I was phoneless for the next couple of years, then eventually acquired a prepaid on a different carrier because it was both cheaper and I wouldn’t be locked to a contract. After enduring months of terrible service (including not being able to get a signal at home, within almost-literal spitting distance of the second-largest city in the state’s downtown area) I finally found out that not only did my old carrier offer prepaid service, but they had just recently allowed the iPhone 4S to be activated on it. I was elated. I could have my phone back again!

But our rekindled romance was short-lived. Once the thrill of having a signal anywhere I went wore off, I immediately began to feel the immense weight of my three years away.

In the interim, Apple had launched and fully iterated the iPhone 5 and and was gearing up to move along to the impending iPhone 6 and the concurrent launch of iOS 8. As I worked my way back into the world of iOS devices, I began to feel increasingly like a relic from a bygone age. Most new apps were not only optimized for iPhone 5 and up, but an increasing number just flat-out wouldn’t run on my old hardware at all. And with each new iOS update, that hardware – already rapidly spiraling towards obsolescence – ran just a little bit worse. Also, my prepaid plan won’t support the 5 series phones at all.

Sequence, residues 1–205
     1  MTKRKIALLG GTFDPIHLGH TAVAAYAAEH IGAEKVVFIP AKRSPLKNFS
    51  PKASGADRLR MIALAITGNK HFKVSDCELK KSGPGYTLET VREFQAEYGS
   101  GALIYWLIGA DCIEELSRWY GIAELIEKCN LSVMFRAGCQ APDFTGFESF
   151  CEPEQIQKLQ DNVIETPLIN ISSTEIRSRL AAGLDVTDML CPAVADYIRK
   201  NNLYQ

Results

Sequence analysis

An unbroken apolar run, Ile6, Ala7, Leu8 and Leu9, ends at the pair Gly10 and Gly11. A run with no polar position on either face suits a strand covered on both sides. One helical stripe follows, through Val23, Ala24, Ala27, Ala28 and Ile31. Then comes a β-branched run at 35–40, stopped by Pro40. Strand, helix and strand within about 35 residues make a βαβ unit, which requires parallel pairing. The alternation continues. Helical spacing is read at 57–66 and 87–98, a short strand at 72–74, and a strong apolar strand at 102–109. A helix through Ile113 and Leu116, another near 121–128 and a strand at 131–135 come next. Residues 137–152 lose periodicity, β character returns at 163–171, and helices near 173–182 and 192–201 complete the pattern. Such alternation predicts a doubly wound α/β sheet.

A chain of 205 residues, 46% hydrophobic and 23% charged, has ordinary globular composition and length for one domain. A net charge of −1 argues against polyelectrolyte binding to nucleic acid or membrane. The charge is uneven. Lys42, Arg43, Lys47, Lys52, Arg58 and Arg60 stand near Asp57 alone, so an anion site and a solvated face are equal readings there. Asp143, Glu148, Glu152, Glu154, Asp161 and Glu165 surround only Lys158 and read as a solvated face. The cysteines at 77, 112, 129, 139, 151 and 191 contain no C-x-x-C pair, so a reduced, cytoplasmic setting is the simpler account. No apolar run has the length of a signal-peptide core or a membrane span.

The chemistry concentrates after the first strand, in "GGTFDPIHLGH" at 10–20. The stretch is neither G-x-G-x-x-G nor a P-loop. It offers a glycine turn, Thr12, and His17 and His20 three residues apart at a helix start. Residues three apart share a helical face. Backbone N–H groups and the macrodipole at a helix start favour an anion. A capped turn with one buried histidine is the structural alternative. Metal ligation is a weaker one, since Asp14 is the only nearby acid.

And so, I’ve begun to eyeball the postpaid world once again.